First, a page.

Just wrapped up the solar work for this morning.


jimcoble2000
 

One thing of note. The prom is so big and detailed you might be able to stay at the eyepiece and see change. I hung out for a couple of minutes but the heat is a bit much. I did come back and the prom had changed over five minutes. That is a pretty good observation.  I like the videos astro photographers post but seeing with your own eyes in real time is so much fun cause it is difficult and a rarer observation. Like that flare a couple of months back. There is nothing like seeing it evolve with your own two eyes over a short period or as it happens in real time (a rare visual observation).

Of course only in Ha can real time observing be done to my knowledge. I have never seen a sunspot evolve fast enough in a short time to see the changes. I suspect the prom is moving quickly as I had to dial the scope for the doppler shift.


Kent Blackwell
 

My photographs can't even begin to match what you see with the eye, but I'm a real neophyte at H-alpha photography. Some people's photos are amazing. They show far more than what you can see with the eye but then again, photos of Saturn show more detail than the eye can see. So, what's more exciting, looking at a detailed picture of Saturn or peering at the Ringed Planet in the eyepiece?

On Wed, 3 Aug 2022 14:20:11 +0000 (UTC), Mark Ost <jimcoble2000@...> wrote:
 
One thing of note. The prom is so big and detailed you might be able to stay at the eyepiece and see change. I hung out for a couple of minutes but the heat is a bit much. I did come back and the prom had changed over five minutes. That is a pretty good observation.  I like the videos astro photographers post but seeing with your own eyes in real time is so much fun cause it is difficult and a rarer observation. Like that flare a couple of months back. There is nothing like seeing it evolve with your own two eyes over a short period or as it happens in real time (a rare visual observation).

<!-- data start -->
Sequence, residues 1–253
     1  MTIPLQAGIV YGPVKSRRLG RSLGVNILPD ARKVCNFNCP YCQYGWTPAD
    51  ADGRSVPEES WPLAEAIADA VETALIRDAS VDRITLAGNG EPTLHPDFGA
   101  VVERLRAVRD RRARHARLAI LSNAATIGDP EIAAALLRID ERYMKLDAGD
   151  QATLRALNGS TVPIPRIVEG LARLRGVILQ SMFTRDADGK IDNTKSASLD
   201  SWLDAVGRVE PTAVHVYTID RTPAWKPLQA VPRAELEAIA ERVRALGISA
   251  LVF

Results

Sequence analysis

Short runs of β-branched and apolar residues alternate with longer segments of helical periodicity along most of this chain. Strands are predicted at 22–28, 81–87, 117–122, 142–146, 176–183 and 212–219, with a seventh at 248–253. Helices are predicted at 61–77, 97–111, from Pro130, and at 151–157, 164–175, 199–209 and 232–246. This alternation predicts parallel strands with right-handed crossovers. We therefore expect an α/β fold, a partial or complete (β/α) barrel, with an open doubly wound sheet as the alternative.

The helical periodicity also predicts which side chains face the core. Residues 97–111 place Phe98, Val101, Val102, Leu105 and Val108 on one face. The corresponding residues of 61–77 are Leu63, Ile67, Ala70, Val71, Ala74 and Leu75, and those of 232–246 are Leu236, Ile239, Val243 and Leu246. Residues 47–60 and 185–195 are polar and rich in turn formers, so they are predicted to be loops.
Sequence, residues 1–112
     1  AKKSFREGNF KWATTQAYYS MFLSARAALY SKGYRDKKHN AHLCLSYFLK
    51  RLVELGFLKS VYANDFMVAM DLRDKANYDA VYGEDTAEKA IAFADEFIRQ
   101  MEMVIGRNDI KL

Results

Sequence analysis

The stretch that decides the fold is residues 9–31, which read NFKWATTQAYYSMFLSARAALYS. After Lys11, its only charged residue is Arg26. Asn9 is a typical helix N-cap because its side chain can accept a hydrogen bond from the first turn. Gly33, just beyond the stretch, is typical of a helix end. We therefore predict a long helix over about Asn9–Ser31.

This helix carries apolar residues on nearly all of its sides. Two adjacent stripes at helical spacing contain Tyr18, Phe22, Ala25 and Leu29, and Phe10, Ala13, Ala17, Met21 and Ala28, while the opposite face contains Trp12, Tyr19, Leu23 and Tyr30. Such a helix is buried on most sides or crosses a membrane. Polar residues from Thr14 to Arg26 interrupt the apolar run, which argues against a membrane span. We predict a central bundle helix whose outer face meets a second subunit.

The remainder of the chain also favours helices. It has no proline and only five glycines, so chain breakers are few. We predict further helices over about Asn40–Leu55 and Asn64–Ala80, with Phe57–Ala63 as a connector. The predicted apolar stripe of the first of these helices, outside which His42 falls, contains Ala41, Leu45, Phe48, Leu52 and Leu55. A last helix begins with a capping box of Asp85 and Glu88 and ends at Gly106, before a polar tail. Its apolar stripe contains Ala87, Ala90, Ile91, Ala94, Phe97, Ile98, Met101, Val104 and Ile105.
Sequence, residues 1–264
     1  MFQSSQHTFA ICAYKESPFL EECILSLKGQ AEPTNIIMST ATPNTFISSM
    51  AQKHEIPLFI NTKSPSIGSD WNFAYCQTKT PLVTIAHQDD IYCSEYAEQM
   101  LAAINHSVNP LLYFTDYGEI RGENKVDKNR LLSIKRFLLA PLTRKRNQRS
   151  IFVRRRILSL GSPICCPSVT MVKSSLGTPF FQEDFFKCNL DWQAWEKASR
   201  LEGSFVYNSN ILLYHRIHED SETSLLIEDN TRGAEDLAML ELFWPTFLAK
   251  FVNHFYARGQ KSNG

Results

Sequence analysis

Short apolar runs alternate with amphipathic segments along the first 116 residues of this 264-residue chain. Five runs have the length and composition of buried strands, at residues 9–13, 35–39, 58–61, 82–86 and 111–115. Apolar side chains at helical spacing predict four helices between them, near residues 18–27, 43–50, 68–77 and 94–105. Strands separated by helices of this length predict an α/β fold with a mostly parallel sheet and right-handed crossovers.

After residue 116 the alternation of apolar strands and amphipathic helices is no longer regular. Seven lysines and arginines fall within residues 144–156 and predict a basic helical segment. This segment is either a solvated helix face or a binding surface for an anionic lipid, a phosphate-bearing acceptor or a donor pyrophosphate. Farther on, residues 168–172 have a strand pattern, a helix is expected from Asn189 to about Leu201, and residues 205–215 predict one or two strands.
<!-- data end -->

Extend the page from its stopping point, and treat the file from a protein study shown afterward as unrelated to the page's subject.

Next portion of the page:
Of course only in Ha can real time observing be done to my knowledge. I have never seen a sunspot evolve fast enough in a short time to see the changes. I suspect the prom is moving quickly as I had to dial the scope for the doppler shift.


jimcoble2000
 

e y e p i e c eEmoji

On Wednesday, August 3, 2022 at 10:29:43 AM EDT, Kent Blackwell <kent@...> wrote:


My photographs can't even begin to match what you see with the eye, but I'm a real neophyte at H-alpha photography. Some people's photos are amazing. They show far more than what you can see with the eye but then again, photos of Saturn show more detail than the eye can see. So, what's more exciting, looking at a detailed picture of Saturn or peering at the Ringed Planet in the eyepiece?

On Wed, 3 Aug 2022 14:20:11 +0000 (UTC), Mark Ost <jimcoble2000@...> wrote:
 
One thing of note. The prom is so big and detailed you might be able to stay at the eyepiece and see change. I hung out for a couple of minutes but the heat is a bit much. I did come back and the prom had changed over five minutes. That is a pretty good observation.  I like the videos astro photographers post but seeing with your own eyes in real time is so much fun cause it is difficult and a rarer observation. Like that flare a couple of months back. There is nothing like seeing it evolve with your own two eyes over a short period or as it happens in real time (a rare visual observation).
 
Of course only in Ha can real time observing be done to my knowledge. I have never seen a sunspot evolve fast enough in a short time to see the changes. I suspect the prom is moving quickly as I had to dial the scope for the doppler shift.